As a general rule, issues due to the total mass of the rider and equipment on the bike relating to tire pressure will be due to having the pressure too low, not too high. In such cases, you can end up with what is usually known either as a pinch flat or ‘snakebite’, resulting from pressure from the rims effectively puncturing the tire. This is why most bike tires usually have a minimum pressure rating in addition to a max.
In general, tire pressure should almost exclusively reflect the type of surfaces you are riding on, within the ratings for the tires (high pressures for solid and mostly smooth surfaces, low for loose or rough surfaces).
In terms of actual risk of damage due to overloading, the primary risk is increased stress on the spokes (especially on the back wheel, as that’s where most of the weight is on almost any bike), or possible long-term fatigue of joints on the (though the spokes will fail long before that becomes an issue). The biggest thing you can do to mitigate that (other than losing weight) is to be careful going over bumps. Stand out of the seat when doing so and use your legs as shock-absorbers (this will also, once you get used to it, probably be more comfortable than sitting in the saddle as well). Higher tire pressures can make this worse due to less cushioning, so you might consider running a bit below what you might otherwise run.
The other two major things to consider due to weight are increased break wear (more weight means more momentum, which in turn translates to more energy that you need to dump to bring the bike to a stop), and an increased risk of the wheels going out of true (due to increased horizontal loads while turning). Both are things that regular inspection and regular preventative maintenance can easily take care of though.
On the note of punctures, tire pressure usually does not matter much here. Lower pressures are less likely to result in less pointy objects embedding in the tire itself, but the practical impact of this is essentially nil.
If you are worried about the possibility of flats, there are a couple of options:
- Carry some spare tubes and the tools you need to replace a tube on the side of the road.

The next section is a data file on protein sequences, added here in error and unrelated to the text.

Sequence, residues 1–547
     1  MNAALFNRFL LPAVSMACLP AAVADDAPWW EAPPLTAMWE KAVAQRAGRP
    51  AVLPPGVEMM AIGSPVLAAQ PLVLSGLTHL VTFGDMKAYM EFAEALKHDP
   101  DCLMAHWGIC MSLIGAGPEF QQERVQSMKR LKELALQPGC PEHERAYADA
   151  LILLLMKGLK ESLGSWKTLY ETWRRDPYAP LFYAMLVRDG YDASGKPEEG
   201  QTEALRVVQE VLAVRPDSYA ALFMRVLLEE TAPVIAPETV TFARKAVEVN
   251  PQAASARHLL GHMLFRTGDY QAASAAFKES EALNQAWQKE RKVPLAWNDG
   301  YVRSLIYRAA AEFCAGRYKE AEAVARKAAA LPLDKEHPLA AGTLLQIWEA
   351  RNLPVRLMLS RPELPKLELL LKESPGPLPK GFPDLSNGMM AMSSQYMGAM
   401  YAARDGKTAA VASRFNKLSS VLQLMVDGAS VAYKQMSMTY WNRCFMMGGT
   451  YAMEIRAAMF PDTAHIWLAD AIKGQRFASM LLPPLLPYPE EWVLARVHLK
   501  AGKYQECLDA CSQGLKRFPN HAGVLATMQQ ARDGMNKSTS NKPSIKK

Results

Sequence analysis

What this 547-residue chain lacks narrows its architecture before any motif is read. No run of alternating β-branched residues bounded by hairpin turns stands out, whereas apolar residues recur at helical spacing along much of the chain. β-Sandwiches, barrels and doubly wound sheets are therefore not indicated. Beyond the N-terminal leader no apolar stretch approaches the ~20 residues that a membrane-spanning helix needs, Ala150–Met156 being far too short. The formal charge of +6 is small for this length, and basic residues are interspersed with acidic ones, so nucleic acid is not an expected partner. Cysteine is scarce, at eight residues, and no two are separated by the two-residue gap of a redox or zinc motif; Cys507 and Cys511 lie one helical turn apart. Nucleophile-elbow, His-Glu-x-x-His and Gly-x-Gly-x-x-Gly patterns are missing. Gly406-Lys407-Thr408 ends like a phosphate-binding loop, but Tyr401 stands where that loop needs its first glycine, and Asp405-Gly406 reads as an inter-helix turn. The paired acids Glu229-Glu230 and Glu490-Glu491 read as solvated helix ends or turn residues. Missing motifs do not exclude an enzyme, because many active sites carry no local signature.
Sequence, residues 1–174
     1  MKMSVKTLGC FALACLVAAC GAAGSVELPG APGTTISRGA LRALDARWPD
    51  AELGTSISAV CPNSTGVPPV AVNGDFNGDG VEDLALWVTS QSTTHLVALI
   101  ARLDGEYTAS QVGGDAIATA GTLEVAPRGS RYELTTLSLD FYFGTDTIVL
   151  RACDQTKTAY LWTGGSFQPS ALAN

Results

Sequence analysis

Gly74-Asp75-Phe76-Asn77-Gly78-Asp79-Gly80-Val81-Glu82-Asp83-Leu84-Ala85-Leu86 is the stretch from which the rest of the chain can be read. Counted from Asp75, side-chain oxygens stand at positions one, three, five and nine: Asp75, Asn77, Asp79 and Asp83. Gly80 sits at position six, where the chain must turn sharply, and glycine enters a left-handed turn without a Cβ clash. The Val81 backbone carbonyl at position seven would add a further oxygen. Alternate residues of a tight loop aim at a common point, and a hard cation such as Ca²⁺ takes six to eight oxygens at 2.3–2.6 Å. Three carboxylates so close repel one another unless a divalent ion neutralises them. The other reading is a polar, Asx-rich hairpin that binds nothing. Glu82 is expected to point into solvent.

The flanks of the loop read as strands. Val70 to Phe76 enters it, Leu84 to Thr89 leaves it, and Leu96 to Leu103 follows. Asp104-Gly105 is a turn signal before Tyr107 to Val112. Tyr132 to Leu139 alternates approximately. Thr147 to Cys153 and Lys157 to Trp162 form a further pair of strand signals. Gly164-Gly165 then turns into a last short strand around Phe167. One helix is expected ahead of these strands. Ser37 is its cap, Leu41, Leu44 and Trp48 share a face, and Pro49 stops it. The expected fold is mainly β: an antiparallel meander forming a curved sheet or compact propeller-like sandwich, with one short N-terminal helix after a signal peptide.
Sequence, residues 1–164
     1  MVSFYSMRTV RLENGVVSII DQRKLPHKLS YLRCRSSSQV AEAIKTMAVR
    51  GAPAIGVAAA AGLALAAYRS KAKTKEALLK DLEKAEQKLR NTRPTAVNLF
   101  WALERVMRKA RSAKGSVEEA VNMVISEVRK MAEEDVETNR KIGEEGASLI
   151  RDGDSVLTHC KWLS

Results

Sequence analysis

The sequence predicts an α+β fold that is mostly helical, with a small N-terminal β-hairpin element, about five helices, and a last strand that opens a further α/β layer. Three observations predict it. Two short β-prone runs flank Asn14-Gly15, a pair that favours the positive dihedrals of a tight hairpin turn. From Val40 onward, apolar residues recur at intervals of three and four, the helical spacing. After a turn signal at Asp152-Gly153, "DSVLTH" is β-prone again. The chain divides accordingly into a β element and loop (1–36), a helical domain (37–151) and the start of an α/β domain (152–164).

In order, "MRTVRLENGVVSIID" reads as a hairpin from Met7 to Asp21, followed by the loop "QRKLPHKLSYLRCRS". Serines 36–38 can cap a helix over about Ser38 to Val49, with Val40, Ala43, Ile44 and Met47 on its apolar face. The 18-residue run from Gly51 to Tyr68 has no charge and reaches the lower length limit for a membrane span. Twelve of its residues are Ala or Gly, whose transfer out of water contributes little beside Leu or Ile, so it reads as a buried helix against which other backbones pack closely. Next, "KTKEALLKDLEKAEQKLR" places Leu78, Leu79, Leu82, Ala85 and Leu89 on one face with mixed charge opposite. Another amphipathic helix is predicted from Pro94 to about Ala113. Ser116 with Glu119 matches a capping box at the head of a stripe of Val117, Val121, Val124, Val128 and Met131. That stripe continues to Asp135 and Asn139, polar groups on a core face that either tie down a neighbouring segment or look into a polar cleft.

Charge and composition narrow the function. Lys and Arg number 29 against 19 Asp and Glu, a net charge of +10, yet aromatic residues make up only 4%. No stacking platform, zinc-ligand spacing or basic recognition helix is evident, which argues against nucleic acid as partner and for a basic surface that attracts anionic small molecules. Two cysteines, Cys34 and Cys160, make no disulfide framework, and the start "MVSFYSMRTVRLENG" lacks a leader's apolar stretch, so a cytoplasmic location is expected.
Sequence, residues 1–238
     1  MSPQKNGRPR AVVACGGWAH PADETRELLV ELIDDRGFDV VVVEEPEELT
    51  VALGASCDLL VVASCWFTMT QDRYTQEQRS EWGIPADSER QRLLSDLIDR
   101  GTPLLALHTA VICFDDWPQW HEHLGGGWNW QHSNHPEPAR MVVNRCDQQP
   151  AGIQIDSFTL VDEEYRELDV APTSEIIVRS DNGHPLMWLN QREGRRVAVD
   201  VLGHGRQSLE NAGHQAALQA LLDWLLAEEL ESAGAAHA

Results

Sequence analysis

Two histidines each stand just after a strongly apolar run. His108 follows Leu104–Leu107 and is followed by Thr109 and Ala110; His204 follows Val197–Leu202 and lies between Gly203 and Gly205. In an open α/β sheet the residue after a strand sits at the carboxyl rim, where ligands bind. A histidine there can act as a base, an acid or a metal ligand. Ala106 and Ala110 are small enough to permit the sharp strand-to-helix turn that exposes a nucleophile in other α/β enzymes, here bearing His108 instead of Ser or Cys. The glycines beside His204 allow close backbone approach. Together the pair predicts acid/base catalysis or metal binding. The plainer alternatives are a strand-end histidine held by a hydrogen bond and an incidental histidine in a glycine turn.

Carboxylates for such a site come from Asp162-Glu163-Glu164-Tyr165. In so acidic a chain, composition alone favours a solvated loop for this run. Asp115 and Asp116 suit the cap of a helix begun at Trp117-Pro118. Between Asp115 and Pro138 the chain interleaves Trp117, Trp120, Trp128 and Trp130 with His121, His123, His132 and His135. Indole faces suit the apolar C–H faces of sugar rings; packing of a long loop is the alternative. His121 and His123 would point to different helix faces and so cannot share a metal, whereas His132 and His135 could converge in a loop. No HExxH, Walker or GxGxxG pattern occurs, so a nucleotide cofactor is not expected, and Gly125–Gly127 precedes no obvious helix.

- Consider tire liners. Some bike accessory brands make plastic or fabric liners you can put inside your tires that will help protect against punctures. They’re generally decent at this and reasonably cheap, though they will add more weight to your wheels, can be finicky to install, and also marginally increase the risk of a pinch flat (because there is less space inside the tire for the tube).
- Look into more puncture resistant tires. Continental Contact Speed tires are supposed to be pretty well reinforced, but you can find better. Just keep in mind that something very sharp and pointy like a nail or tack can still punch through in many cases, it will just take it longer to do so.
- Look into ‘self-sealing’ tubes. These are a kind of halfway point between traditional tires and tubeless tires, consisting of an tube with tubeless sealant inside. The nice ones can be refilled just like a tubeless tire, the cheap ones can't but are much less expensive, either way you would need to replace tubes every couple of years.
- Consider something like Tannus Armour. Just like self-sealing tubes are a kind of halfway point between traditional tires and tubeless, this is a halfway point between traditional tires and airless tires. The feel of the ride on these is distinctly different from a normal tube, but they will protect you from almost anything, and if a tube does rupture you can safely ride on a flat provided you don’t go too fast.
- Consider just getting airless tires. These replace both the tube and the tire in most cases, and completely eliminate any risk of a flat. The downsides are that they wear out faster than regular tires or tubes, they are often a pain to install, and you lose the control of handling from tweaking tire pressure.